Biodiversity Information Science and Standards : Conference Abstract
Conference Abstract
Producing High-Quality 3-D Models for Specimen Research with the Creaform 3-D Scanner at the Sternberg Museum of Natural History
expand article info Edward Shelburne
‡ Fort Hays State University, Hays, United States of America
Open Access


Digitization of natural history collections for specimen accessibility, research, and posterity has been a major push in museums over the past decade. One increasingly common form of specimen digitization is three-dimensional (3-D) surface scanning. There are numerous 3-D scanners on the market, including visible light and laser surface scanners. However, mobility of the scanning device, mesh resolution, and texture fidelity are among the most prominent issues facing regular implementation of 3-D scanning procedures for research purposes. Morphometrics research involving the digitization of Xiphactinus at the Sternberg Museum of Natural History (FHSM) using a Creaform Go!SCAN 50 visible light 3-D surface scanner has necessitated the development of a workflow using this 3-D scanner and the associated VXelements software. This workflow maximizes model quality with minimal loss of speed or efficiency when scanning numerous specimens. Major components of this workflow include proper use of positioning targets, appropriate merging of multiple specimen scans, and how to perform post-processing on models without sacrificing model resolution or texture.

The primary benefit of the Creaform 3-D scanner is hardware mobility, allowing for use on large exhibited specimens or digitizing specimens during research trips. Shortcomings include relatively low mesh resolution, (bottoming out at 0.5 mm), difficulty scanning highly complex structures, and low texture fidelity of scanned models. However, texture fidelity can be improved through use of the free software, Meshlab, by overlaying high-quality stacked photographs onto the 3-D mesh. Incorporating Meshlab texture overlays into the workflow allows for the production of digital models with improved color and textural data – ideal for accurate visualization of specimens in 3-D viewers for educational outreach and online databases. While not perfect for all applications, the Creaform 3-D scanner allows for rapid digitization of specimens in an increasingly digital collections environment, and is sufficient for some research applications. The workflow established at the FHSM can serve as a framework for other institutions to use the Creaform 3-D scanner to best suit their digitization needs.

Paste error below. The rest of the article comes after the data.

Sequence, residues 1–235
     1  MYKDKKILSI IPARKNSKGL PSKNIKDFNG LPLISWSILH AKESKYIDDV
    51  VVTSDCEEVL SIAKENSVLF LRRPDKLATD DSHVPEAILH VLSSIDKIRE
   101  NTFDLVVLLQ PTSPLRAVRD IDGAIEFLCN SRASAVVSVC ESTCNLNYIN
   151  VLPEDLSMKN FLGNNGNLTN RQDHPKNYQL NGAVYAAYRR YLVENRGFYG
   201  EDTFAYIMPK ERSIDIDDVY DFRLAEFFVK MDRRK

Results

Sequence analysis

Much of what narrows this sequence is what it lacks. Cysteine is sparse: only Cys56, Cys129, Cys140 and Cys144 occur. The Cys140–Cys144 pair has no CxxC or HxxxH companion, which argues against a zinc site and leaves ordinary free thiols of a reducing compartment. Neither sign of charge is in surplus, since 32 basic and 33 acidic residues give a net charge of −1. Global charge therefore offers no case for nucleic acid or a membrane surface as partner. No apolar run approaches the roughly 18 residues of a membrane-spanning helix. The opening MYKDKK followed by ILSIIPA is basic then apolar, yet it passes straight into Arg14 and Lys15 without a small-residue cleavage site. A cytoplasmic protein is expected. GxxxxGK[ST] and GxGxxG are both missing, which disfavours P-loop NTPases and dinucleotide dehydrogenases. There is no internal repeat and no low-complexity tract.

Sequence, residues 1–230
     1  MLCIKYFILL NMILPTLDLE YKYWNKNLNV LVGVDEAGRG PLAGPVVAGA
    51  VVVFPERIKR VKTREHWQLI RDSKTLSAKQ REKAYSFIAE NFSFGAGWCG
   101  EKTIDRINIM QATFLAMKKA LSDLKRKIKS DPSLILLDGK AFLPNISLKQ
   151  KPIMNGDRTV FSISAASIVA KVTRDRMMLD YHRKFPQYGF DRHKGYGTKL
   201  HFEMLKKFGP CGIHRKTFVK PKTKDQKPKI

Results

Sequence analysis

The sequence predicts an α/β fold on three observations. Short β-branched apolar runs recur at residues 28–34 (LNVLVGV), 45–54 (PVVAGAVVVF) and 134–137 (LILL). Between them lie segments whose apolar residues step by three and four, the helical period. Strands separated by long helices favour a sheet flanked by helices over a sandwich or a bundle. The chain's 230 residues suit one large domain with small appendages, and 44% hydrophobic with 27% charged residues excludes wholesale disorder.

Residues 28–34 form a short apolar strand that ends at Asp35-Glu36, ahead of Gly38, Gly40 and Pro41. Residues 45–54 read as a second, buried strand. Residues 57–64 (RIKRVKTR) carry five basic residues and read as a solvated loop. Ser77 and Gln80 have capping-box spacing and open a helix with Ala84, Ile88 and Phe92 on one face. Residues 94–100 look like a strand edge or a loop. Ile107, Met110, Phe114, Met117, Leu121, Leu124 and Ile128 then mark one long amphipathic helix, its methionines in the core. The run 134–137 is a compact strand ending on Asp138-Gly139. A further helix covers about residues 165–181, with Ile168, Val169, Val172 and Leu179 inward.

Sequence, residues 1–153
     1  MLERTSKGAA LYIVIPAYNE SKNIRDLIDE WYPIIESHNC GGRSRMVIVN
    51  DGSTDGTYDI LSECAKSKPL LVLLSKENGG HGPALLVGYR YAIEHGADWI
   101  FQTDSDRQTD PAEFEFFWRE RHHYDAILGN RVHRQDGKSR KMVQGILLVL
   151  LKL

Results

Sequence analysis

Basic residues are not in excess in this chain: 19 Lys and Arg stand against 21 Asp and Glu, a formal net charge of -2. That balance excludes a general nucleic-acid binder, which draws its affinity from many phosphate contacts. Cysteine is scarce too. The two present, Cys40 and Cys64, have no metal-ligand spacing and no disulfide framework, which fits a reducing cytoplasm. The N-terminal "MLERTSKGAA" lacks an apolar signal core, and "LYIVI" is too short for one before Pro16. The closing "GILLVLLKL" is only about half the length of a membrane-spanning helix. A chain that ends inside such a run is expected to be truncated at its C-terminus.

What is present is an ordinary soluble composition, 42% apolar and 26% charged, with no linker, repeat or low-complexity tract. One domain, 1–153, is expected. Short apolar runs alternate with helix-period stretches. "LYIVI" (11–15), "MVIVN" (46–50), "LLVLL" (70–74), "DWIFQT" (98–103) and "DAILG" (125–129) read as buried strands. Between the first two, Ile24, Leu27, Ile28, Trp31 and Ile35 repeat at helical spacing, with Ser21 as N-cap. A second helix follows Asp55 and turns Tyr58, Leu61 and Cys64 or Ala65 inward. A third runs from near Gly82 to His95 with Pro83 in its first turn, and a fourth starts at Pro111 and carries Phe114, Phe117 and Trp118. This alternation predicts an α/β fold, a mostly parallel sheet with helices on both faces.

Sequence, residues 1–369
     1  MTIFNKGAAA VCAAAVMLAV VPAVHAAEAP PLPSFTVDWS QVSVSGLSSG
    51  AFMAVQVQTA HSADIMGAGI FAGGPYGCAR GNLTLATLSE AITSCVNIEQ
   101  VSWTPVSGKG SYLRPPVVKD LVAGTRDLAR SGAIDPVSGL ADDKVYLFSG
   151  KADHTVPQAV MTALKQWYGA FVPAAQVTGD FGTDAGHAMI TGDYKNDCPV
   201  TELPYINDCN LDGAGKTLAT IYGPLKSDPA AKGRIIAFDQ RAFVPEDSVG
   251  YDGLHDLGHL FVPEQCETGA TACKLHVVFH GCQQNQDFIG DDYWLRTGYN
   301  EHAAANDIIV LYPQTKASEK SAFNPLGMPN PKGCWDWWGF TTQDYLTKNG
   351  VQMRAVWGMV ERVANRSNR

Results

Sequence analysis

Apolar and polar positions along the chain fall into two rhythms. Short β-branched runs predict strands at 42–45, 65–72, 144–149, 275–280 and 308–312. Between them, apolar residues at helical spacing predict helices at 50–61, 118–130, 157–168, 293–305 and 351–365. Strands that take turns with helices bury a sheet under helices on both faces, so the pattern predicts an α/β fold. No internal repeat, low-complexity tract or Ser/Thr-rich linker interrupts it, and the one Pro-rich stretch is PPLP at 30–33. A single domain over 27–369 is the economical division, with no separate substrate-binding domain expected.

digitization, museum, paleontology, morphometrics, 3D scanning, Creaform, VXelements, Meshlab, Xiphactinus, Sternberg Museum of Natural History, FHSM

Presenting author

Edward Chase Shelburne